The answer is not to restrict one’s intake of contaminated fish. We ought to be able to eat the fish from Maine’s waters without having to weigh the risk. We should be eliminating the problem, not limiting our choices.

MTAC is working on preventive measures in conjunction with educating the public. We will expand our education to all segments of the population. Our brochure on the hazards of eating Maine fish went to 900 health care professionals who treat people in the vulnerable population. We will expand the information that we disseminate and the population to whom we distribute that information.

The Coalition is committed to bringing about a genuine reduction in the use of toxins. The Toxic Use Reduction Act that came up for renewal last year was defeated. A less effective form of the bill was passed this year. However, even though not as stringent, it does allow for more careful monitoring of businesses that use and emit toxins. This can be very helpful to the public and will enable us to pressure businesses to use alternatives to products that pollute our environment. For many companies, the conversion to non-toxic substances has not only been effective, but has also saved money.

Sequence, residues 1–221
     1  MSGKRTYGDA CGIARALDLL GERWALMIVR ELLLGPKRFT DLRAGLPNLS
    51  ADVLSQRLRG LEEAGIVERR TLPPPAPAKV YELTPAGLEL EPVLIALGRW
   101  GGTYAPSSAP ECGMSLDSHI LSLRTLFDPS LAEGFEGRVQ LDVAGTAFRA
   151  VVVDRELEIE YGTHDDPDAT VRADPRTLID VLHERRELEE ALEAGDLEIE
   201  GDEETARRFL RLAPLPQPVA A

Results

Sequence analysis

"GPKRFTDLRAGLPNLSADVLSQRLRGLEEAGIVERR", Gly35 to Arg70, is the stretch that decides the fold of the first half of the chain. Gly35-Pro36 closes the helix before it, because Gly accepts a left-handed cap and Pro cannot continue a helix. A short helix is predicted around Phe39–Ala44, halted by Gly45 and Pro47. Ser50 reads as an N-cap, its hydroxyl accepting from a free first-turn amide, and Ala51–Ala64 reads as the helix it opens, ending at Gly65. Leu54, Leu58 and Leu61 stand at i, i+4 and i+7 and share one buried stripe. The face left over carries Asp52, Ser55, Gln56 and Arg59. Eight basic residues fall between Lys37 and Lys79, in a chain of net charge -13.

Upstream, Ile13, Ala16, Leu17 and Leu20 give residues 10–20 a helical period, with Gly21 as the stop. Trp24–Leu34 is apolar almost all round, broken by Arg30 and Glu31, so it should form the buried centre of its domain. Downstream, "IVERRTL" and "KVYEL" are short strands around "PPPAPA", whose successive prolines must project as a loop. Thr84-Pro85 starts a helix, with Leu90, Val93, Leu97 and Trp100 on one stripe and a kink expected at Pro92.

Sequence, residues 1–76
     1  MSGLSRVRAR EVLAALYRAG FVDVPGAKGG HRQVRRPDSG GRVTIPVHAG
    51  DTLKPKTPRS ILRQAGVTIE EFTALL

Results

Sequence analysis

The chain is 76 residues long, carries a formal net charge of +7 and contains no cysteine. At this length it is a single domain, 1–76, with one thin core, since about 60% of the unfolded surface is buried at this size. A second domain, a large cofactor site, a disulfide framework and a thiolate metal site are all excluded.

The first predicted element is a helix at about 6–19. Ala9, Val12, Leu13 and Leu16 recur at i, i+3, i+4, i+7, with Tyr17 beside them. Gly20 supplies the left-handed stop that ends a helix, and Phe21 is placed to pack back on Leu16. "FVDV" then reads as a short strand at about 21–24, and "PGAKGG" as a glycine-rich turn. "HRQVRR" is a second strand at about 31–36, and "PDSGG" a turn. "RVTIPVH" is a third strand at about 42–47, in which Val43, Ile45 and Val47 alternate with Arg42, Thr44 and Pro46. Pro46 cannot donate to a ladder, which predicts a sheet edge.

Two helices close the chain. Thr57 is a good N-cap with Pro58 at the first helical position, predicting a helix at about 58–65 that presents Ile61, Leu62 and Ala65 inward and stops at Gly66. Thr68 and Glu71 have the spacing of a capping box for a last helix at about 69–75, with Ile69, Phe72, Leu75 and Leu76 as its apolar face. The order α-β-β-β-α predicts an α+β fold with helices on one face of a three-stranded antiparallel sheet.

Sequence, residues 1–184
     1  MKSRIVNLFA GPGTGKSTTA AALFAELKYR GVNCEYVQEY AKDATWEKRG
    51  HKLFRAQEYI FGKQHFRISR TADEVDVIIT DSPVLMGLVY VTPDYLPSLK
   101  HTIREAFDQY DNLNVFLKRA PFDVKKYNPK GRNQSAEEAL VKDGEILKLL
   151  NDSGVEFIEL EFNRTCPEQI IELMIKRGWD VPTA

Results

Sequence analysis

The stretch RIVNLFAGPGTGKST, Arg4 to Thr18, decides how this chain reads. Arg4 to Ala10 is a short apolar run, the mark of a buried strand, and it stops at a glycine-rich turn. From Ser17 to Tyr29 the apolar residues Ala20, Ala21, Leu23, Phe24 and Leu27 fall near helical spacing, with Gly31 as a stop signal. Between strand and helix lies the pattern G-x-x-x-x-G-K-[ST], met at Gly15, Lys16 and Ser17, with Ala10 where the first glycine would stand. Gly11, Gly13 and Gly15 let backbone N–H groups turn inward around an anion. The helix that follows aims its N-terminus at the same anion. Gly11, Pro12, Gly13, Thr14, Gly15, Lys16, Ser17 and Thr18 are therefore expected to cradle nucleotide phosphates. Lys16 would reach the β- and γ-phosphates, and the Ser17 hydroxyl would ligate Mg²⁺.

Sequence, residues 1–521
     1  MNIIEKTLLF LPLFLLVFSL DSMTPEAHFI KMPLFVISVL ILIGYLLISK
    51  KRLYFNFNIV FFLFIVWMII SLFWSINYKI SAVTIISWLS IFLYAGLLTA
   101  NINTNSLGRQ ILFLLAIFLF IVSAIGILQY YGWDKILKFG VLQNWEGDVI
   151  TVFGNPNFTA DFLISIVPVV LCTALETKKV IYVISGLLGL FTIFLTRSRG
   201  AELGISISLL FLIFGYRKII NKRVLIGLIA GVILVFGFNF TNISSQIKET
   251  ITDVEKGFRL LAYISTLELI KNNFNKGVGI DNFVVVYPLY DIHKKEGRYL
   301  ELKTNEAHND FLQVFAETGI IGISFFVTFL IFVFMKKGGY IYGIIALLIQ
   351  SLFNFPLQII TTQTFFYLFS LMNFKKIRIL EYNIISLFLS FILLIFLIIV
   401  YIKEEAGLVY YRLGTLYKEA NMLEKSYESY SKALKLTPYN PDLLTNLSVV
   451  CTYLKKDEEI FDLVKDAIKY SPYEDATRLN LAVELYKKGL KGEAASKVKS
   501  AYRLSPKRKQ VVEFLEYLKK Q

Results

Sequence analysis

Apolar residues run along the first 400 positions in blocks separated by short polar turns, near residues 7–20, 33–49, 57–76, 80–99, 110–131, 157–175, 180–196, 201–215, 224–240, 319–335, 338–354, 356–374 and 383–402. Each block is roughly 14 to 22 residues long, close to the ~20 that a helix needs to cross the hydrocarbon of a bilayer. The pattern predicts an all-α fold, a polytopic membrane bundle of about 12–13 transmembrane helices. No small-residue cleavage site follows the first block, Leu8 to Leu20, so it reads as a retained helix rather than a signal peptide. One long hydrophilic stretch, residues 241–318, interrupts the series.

While MTAC will further its work on statewide toxics issues, we have invited the Toxics Action Center [TAC] to open an office in Maine. The TAC helps small and large groups fight toxics issues by gathering information, educating, providing organizing assistance, group building assistance and networking and providing experts. The TAC hopes to open in September.